“No,” says Dad, “pets cost too much to keep.”
“No,” says Mom, “pets make noise.”
But Prudence is determined. She finds her own pet. It is a…branch. But Branch isn't exactly the pet of her dreams, and neither are Twig, Mr. Round (a car tire), or her baby brother Milo.
Poor Prudence. Will she ever find the perfect pet?

Resources: Have the kids talk about pets they have, or that they want to have. Make a graph for a visual representation. When have they wanted something very badly? What was it? Did they get it?

Why I LOVE it: The dry humor. The fabulous blending/balance of words and illustrations. Prudence's creativity and imagination. The voice. The story arc. The PERFECT ending. The depth (which you don't necessarily see unless you study it for a week like we did - but it was SO worth it!). I LOVE PRUDENCE.

Hope you'll give this book a look - and check out the OTHER perfect picture books for today at Susanna's blog - and Susanna's ever-growing list of wonderful picture books.



My heart is stirred by a noble theme as I recite my verses for the king; my tongue is the pen of a skillful writer. Psalm 45:1

1/23/15

Perfect Picture Book Friday: Don't Call Me Sidney

I don't know about you, but I grew up with a strong dislike for my name (my first name to some extent, but ESPECIALLY my last - and those of you know the last name I was born with no doubt can understand why). My first name grew on me (and I got to exchange my surname when I met my wonderful husband), but I think this is something that almost every child goes through. For that reason, and several others, I have chosen this fun, silly, delightful book for my contribution to the lovely Susanna Leonard Hill's Perfect Picture Book Friday.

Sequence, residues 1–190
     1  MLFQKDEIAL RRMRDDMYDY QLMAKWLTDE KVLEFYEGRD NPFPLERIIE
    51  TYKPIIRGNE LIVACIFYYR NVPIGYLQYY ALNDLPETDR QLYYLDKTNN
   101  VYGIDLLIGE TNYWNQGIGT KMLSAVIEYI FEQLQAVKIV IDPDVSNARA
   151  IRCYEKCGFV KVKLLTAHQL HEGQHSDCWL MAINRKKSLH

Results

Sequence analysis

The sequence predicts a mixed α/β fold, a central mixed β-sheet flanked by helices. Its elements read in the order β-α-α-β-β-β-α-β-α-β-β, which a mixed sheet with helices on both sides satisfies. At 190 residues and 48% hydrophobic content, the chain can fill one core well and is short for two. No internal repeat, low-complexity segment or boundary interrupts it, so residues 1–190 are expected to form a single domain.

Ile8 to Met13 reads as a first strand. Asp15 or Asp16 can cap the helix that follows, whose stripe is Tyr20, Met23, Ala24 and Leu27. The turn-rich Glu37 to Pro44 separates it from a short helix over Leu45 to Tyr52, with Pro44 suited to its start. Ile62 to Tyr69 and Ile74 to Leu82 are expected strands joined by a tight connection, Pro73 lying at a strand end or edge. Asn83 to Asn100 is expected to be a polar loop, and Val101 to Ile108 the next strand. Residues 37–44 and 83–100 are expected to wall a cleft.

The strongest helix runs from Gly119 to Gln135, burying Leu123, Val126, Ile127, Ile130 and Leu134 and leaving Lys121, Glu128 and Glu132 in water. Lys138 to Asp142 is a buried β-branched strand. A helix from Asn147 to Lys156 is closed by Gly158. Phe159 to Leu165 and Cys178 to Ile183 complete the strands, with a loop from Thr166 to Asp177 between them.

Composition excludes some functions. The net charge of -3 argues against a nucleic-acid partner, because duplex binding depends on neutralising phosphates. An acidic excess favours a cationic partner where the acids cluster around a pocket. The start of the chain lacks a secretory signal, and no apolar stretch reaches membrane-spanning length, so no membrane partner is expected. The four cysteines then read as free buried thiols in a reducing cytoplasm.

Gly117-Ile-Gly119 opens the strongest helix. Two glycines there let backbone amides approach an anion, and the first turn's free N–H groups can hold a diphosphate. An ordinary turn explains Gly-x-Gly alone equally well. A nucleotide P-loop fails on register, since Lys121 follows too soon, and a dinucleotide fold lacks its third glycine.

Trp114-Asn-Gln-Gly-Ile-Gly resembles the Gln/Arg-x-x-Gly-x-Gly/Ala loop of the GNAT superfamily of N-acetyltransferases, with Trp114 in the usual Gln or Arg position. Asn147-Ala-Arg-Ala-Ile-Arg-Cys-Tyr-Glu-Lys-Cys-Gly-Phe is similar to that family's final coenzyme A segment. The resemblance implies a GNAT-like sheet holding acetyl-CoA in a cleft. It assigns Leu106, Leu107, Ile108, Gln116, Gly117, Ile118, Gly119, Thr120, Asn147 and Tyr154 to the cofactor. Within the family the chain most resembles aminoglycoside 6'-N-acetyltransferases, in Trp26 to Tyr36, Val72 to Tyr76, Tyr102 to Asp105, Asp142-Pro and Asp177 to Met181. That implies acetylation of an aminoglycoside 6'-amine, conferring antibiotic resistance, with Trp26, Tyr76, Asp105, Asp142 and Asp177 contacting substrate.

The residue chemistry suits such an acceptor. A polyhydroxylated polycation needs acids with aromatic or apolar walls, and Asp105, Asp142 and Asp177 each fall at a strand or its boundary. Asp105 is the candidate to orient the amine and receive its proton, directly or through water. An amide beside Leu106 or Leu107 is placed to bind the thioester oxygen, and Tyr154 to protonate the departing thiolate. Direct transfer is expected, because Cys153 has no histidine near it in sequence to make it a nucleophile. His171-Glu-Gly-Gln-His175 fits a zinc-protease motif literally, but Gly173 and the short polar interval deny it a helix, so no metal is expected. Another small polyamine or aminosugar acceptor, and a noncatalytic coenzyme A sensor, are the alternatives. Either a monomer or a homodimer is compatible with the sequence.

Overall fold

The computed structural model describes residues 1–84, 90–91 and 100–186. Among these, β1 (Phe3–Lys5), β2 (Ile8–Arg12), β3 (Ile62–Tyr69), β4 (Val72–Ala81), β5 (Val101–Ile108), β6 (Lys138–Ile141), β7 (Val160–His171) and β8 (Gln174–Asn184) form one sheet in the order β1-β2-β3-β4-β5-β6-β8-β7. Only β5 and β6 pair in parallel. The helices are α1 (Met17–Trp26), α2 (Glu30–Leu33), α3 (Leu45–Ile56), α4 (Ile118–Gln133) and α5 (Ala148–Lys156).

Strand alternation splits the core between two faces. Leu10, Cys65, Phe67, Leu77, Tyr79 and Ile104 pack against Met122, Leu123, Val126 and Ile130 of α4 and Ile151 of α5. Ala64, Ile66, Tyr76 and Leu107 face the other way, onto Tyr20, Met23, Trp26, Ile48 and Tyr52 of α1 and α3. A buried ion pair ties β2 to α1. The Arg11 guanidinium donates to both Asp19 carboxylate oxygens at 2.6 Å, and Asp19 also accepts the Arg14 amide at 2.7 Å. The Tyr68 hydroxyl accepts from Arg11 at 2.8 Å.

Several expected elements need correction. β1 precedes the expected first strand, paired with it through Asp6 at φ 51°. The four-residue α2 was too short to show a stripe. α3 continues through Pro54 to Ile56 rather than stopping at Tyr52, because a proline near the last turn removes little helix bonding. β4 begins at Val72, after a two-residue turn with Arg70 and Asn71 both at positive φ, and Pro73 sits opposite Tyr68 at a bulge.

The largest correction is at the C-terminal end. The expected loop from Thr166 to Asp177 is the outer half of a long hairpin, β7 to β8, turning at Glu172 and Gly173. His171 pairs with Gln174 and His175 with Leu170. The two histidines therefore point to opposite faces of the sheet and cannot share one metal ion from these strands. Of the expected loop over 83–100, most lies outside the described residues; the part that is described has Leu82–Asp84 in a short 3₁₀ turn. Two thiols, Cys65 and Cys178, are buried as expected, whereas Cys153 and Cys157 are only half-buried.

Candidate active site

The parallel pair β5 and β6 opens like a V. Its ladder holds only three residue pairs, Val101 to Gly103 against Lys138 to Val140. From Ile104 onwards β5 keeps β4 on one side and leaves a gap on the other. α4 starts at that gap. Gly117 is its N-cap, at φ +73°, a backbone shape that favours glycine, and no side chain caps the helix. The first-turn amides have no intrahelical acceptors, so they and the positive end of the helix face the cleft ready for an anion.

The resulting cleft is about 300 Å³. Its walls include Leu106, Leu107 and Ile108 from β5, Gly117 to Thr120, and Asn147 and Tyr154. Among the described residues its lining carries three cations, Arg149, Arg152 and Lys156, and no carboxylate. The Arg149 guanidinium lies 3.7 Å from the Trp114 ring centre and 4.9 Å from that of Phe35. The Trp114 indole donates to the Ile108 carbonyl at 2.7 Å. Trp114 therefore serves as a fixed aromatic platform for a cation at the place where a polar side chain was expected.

Title: Don't Call Me Sidney

Author: Jane Sutton

Illustrator: Renata Gallio

Publisher: Dial Books for Young Readers, 2010, fiction

Age Range: 3-5 years

Theme/Topics: names, humor, rhyme, appreciating what you have

First Page:It all started on Gabie's birthday. Sidney surprised his good friend with a poem:

"Happy birthday to Gabie,
I've known you since you were a baby.
I hope your day's fun
In the shade or the sun.
You're my best friend for sure, not maybe."

"Thank you, Sidney!" said Gabie, pleased that the forgetful Sidney had remember his birthday. "You have such a way with words."

Sidney grinned. He thought he had a way with words too. But he thought it might be showing off to say so.

Synopsis (from inside book jacket):Sidney love to write rhyming poems for his friends' birthdays, until he realizes his own name doesn't rhyme with anything except...well, kidney. What's a pig with a non-rhyming name to do? Aha! Sidney decides to change his name - with unexpectedly hilarious and poignant results. For any kid who's ever wished for a new name, Sidney's story offers plenty of laughs, and a reassuring dose of subtle and sound advice

Resources: Have the kids try to figure out words that rhyme with their own name - you can use Rhymezone, or a rhyming dictionary, to help. Have the kids find out why their parents picked their name and why it is special to them. If they could change their name, would they? What does their name mean? Most baby name websites have this information.

Why I LOVE it: For one, I can totally relate (and I think a lot of other folks can too). I also love the voice/tone, the humor, and the relationships Sidney has with Gabie - and his mother. Some of the jokes are funny even the 10th time around (to me, anyway - disclaimer: my hubby thought this one was kind of stupid). A fun book all around.

Hope you'll give this book a look - and check out the OTHER perfect picture books for today at Susanna's blog - and Susanna's ever-growing list of wonderful picture books.


 
My heart is stirred by a noble theme as I recite my verses for the king; my tongue is the pen of a skillful writer. Psalm 45:1